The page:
There are a few key milestones that all CPF members go through in their financial planning journey around CPF. The first milestone would be using CPF for housing, and the next milestone would be retirement. While housing decisions are at top of mind for most because it occurs earlier, retirement decisions deserve just as much attention and consideration, if not more.
There are major decision points at retirement, with opportunities to better utilise favourable CPF policies to manage your wealth better. This would require an understanding of what happens during CPF Retirement Account (CPF RA) formation, how CPF contribution changes and withdrawals after 55.
Formation of CPF RA at 55
How CPF RA is normally formed
When you reach 55 years old, your CPF Special Account (SA) and/or Ordinary Account (OA) monies will be transferred to your newly formed CPF RA. If you have sufficient balance in your CPF SA and OA, the CPF Full Retirement Sum (FRS) will be transferred to your RA. Note that you do not have to top up your CPF RA in cash if your savings are lower than your Full Retirement Sum.
Prioritisation of CPF Accounts for CPF RA formation
To form the CPF Retirement Account, your CPF SA balances from Retirement Sum Top-up Scheme, your other SA balances, and your OA balances will be used to form the FRS.
One common CPF hack is CPF shielding. Since CPF is unable to liquidate your CPFIS investments that you have made in your SA or OA, by “shielding” our CPF monies through investing it, you can allow lower interest OA monies or even cash to be used to form your CPF RA. After you meet FRS using OA monies or cash, you can then liquidate your CPF investments so that they enjoy the higher interest rates of 4.0% or 2.5% for CPF SA and OA, respectively.
CPF Contribution after 55
Lowered CPF Contribution after 55
If you choose to work beyond the age of 55, your CPF contribution rate as an employee would decrease from 20% to 13%, capped at the Ordinary Wage and Additional Wage ceiling. This means that your take home salary will be larger, as less will be transferred into your CPF account. Unfortunately, your employer CPF contribution will also be lowered from 17% to 13%.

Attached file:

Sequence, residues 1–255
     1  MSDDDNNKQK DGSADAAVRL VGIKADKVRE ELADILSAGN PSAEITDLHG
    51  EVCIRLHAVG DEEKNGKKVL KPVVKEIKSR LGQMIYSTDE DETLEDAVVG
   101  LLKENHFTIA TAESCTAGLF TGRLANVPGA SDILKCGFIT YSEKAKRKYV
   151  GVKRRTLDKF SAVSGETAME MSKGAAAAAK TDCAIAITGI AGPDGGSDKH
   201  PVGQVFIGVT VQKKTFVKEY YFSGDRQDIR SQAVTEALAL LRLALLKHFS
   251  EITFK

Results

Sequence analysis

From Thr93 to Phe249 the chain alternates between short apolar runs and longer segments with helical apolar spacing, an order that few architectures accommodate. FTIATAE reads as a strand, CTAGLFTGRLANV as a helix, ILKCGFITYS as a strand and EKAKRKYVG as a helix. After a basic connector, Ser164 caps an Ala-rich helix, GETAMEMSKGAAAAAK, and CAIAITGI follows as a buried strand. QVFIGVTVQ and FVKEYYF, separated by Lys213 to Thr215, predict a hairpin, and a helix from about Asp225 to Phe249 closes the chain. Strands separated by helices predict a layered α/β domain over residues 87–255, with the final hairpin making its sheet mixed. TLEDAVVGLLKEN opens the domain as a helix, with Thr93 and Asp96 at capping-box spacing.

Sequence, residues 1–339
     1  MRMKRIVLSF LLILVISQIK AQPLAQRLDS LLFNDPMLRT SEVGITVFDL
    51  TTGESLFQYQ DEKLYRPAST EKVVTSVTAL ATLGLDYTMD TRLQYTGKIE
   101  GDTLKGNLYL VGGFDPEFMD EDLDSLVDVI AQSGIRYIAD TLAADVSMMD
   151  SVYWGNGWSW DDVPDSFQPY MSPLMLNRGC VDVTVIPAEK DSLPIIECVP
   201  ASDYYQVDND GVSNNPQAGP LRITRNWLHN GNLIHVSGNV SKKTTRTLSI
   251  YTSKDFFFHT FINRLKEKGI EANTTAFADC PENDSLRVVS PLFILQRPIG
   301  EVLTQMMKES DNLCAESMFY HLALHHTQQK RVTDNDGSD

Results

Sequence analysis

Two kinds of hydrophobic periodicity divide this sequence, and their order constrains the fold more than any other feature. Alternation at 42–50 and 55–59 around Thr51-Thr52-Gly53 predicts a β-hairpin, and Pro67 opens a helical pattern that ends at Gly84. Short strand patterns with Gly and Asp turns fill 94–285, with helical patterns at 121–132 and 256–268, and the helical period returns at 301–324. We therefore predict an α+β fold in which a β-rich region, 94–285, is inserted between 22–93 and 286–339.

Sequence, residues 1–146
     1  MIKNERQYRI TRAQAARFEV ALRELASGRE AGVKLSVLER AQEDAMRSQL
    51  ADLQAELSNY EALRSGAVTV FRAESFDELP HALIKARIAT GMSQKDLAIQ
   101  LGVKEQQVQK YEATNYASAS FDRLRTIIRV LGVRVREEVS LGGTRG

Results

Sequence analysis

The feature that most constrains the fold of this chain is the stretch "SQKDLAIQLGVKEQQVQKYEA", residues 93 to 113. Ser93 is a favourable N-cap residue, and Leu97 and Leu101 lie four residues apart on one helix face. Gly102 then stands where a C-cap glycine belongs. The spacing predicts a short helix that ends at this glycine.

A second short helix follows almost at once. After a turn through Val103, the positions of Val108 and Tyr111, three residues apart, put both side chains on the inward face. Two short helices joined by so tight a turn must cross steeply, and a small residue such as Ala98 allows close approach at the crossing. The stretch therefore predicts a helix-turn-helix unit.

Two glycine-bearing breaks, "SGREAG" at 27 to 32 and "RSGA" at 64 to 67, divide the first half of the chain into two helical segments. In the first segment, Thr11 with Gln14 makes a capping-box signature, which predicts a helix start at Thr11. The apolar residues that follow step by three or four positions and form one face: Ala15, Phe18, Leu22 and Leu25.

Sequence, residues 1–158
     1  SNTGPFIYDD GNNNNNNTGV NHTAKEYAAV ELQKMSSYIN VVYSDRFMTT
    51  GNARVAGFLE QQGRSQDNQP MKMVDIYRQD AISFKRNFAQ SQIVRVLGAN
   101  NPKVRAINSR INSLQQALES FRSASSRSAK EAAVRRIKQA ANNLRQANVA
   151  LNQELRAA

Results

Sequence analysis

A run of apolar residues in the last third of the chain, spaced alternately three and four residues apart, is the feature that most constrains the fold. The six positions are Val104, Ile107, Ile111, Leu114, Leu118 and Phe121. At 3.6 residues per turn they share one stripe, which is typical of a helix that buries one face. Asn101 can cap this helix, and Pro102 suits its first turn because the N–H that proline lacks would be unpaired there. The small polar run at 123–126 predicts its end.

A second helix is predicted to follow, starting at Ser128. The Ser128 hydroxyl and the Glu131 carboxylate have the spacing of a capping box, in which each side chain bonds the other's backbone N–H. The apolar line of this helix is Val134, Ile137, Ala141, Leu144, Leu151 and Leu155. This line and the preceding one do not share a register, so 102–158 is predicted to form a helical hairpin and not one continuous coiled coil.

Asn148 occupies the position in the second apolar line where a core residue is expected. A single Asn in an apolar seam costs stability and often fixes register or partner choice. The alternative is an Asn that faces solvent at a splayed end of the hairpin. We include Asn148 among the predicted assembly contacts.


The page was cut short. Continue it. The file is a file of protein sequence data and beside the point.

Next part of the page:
Opportunity to top-up CPF Voluntarily after 55
After you reach 55 years old, your CPF SA and OA effectively act as a high interest savings accounts that you are free to withdraw as and when you like.
The current CPF Annual Limit, which is the maximum amount of mandatory and voluntary contributions you can make into CPF, is $37,740 based on the Ordinary and Additional Wage Ceiling on CPF.
Take the example of someone with a monthly gross salary of $5,500, with no bonus, nearing the age of 55. When he reaches 55, his mandatory CPF contribution from both employer and employee CPF contribution decreases from 37% to 26%. This allows him to make more voluntary contributions into CPF.
Additionally, because of his age, he will be free to withdraw any CPF contributions into his CPF OA and SA, if he meets his CPF FRS requirements. This essentially means that any voluntary contributions into CPF is like a deposit into a high interest savings account that yields 2.5%-4.0%, with free and immediate withdrawals.
This hack is especially useful for older CPF members as capital preservation is a priority for their retirement planning.
As any voluntary contribution will be subjected to CPF allocation rates across OA, SA and MA, this hack is especially helpful for CPF members that have reached the Basic Healthcare Sum (BHS), since any CPF MA contribution will overflow into OA, which is withdrawable.
CPF Withdrawal at 55
How much can you withdraw at 55?
Even though you can withdraw some of your CPF monies at 55, you may not be able to withdraw whatever amount you want because CPF will want you to set aside some monies for the public annuity scheme, CPF LIFE.
You can withdraw up to $5,000 from your SA and OA if you have not met CPF FRS requirements, or your CPF SA and OA savings after setting aside your CPF FRS in RA, whichever is higher. Note that you will not be able to withdraw any of your Medisave balances even if you reached 55.
Should you withdraw your CPF at 55?
Do note that CPF withdrawals into your bank account is different from other forms of CPF usage for housing and education purposes. Once this money has been withdrawn, you would not be able to deposit the money back. You will be restricted to the usual CPF contribution limits such as the RSTU and the CPF Annual limit if you want to put more cash into CPF.
Also, given that the higher yielding CPF SA interest will be withdrawn first before CPF OA monies, you will lose out on the attractive interest rates from CPF if you choose to withdraw your CPF monies immediately. If you want to tap into your savings and investments for your retirement spending, it is probably better to use your cash first before tapping into your CPF.
Conclusion - Treat CPF monies as a scarce resource for retirement
By now, you probably appreciate that many CPF hacks and workaround solutions involve keeping more money within CPF at retirement. This is to allow it to compound with the higher yielding Special Account and Ordinary Account. Learn more about CPF related topics and content with Endowus Insights.
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